They took these pills, and carried this label of being defective, and saw a doctor monthly, for five or ten or twenty years. Careful records were kept of whenever they acted out or failed, and both parents and teachers were regularly questioned about such behaviors.
What do you think the outcome would be?
Of course, we’ll never know…because to do such a study would be criminal. We’d be accused of child abuse, of warping the futures of a group of otherwise perfectly normal children. And the charges would be accurate.
Yet if this were something we’d be reluctant to do to our most resilient and "normal" children, then why would we ever consider it a good idea to inflict on those we think may be most at risk?
In many ways, the debate that’s shaping up around ADHD resembles the classic Victorian notion that all social problems are the result of a single cause: the villain. The Victorian "villain story" was always told in four parts: a social problem is seen; a villain is identified as being responsible for the problem; the villain is rehabilitated; the social problem is solved.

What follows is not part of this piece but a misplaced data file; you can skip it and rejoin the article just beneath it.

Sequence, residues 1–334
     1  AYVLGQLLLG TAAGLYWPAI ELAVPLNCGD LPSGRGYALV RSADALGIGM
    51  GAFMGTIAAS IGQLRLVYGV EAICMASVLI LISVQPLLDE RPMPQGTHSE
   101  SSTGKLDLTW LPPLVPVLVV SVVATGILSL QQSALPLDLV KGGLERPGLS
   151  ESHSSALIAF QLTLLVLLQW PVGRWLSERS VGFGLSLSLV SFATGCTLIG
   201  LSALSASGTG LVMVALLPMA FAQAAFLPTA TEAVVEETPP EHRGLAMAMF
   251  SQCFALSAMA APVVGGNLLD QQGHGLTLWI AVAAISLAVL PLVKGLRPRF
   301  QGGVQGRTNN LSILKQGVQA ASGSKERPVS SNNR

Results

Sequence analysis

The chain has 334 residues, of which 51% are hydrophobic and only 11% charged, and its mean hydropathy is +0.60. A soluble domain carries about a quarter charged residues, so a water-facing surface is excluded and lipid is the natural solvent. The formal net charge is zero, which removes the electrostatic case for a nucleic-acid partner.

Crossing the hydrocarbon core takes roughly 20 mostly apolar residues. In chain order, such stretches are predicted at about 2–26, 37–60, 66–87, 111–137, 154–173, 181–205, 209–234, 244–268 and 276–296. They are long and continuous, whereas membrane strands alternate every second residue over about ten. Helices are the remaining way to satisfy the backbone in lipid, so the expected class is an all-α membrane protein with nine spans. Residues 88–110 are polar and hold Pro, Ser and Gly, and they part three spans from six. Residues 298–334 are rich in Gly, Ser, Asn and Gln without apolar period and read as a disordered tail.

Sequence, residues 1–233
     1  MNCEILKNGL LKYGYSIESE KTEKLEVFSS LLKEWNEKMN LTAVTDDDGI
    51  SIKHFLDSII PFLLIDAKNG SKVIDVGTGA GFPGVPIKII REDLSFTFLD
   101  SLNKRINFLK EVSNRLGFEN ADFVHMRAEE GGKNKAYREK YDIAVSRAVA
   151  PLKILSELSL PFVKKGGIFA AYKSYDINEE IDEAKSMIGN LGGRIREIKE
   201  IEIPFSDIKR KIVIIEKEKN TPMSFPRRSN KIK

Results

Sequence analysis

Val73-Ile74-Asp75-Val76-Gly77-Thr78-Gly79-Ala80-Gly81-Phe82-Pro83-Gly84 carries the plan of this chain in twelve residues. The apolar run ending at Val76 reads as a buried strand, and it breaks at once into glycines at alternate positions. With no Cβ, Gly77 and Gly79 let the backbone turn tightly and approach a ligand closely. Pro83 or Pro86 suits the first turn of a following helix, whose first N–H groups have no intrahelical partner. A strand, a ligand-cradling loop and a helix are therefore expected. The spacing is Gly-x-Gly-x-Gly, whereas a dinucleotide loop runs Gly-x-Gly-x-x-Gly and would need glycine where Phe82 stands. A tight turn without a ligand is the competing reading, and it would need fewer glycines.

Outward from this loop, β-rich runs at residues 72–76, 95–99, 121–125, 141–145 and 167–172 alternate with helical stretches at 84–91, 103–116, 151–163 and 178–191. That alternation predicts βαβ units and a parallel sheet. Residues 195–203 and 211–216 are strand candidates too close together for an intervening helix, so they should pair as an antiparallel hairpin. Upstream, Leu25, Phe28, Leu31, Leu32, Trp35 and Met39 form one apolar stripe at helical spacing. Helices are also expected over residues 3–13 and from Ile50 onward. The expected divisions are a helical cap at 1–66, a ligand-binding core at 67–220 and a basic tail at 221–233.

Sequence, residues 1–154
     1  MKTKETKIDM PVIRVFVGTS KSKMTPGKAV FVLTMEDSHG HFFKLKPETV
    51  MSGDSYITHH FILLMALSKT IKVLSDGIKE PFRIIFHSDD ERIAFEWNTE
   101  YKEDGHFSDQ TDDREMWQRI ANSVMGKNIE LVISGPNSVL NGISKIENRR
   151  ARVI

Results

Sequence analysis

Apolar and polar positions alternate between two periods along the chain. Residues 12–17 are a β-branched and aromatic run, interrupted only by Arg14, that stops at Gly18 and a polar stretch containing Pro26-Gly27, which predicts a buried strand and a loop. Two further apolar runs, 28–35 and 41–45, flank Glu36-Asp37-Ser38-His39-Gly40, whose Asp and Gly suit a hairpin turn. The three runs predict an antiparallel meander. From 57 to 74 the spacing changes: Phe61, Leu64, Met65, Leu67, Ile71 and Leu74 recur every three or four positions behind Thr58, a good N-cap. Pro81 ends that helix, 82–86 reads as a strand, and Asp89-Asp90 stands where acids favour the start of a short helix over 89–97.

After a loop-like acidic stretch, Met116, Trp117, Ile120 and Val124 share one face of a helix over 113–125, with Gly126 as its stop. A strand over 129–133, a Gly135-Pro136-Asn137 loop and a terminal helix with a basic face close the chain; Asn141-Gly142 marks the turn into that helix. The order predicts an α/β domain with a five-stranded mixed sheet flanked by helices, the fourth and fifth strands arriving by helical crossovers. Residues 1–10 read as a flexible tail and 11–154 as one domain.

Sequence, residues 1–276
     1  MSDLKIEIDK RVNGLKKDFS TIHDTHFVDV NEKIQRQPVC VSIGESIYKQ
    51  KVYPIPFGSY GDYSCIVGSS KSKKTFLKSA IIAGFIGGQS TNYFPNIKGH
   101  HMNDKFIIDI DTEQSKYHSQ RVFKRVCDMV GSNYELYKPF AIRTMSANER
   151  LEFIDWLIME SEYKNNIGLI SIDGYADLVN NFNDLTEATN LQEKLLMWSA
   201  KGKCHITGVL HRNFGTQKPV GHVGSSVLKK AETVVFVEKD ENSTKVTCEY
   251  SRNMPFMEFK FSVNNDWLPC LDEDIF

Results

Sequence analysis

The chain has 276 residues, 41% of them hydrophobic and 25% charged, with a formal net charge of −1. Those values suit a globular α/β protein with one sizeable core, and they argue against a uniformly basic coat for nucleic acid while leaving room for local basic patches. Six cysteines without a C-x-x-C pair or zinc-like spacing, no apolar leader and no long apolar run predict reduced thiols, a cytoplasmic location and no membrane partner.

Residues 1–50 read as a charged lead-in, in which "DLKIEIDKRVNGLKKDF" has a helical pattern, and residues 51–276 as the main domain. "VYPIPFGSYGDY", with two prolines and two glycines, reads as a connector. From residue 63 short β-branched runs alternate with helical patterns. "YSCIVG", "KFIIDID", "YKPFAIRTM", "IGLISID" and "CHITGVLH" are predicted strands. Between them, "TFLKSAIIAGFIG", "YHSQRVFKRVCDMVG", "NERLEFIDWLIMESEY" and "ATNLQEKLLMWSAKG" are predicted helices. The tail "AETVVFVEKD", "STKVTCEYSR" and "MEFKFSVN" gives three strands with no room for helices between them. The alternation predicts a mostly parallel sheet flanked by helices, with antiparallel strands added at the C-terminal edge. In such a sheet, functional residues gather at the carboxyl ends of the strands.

But in today’s world, the child whose learning style doesn’t match the teaching style of our public schools has been identified as the villain.
Lower standards and expectations are set for him, proving to him the truth of his label. And over and over again he can’t conform to the factory-like atmosphere of the school, demonstrating to him and everybody else that the label was correct in the first place.
I firmly believe — and all of my experience tells me — that it is time for us to set aside these stories of sickness and villainy. It’s time for us to look at the structure and nature of our schools. It is time for us to tell the rogue elements within the research community who seek to absolutely and utterly stigmatize our children with the "no hope, no value" label of AD/HD that we are not interested in our children being the villains in their dramas any more.
It is time for us to give our children back their humanity and their hope.